Once you grow accustomed to Ikuhara‘s staging, the direction of many other anime might look pretty superficial all of a sudden. His way of presentation has still a rather unconsumed aura even to this day, even though many of his ideas were adapted by his disciples and other directors. Of course, Ikuhara didn’t establish his style out of nothing, but he obviously took Osamu Dezaki‘s anime as a reference point for his own work, just have a look at anime like ‘Oniisama e…’ or ‘The Rose of Versailles’. Ikuhara himself has mentioned that he had gotten stimulated/influenced by Dezaki, even as recently as April this year, when Dezaki died. Most anime directors were influenced by Dezaki in some way, but in Ikuhara‘s work the influence is especially strong, and that’s certainly not just due to the surface resemblance. Their directing is similar in a more profound way, like how they bring about feelings and emotions in the viewer.read more here. by: raito-kun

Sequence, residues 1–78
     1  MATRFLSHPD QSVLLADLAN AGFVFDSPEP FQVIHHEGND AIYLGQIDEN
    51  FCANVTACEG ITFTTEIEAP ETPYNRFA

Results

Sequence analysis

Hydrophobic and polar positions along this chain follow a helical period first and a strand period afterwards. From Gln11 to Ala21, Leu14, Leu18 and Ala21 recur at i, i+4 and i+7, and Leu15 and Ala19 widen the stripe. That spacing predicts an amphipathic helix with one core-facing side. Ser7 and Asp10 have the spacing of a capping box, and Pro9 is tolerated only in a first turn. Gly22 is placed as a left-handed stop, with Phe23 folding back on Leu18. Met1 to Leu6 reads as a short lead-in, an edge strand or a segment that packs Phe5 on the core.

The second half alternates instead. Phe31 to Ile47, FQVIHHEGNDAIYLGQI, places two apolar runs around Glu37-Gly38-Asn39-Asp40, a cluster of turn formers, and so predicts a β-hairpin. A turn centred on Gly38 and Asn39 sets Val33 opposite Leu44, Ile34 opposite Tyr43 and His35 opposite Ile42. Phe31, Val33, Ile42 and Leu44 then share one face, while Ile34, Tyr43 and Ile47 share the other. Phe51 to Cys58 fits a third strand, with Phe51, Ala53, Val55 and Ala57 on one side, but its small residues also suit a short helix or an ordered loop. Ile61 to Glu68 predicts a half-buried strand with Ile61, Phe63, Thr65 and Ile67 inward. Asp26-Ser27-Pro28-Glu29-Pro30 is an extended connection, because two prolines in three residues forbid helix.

One common instrument of both is ‘obliqueness’, something that’s quite uncomfortable for humans, just think of a picture hanging on the wall at an oblique angle, there’s a visceral feeling that something’s wrong. Similarly, the use of obliqueness in the scene/layout direction leads to a feeling that something is not right and consequently to an odd atmosphere.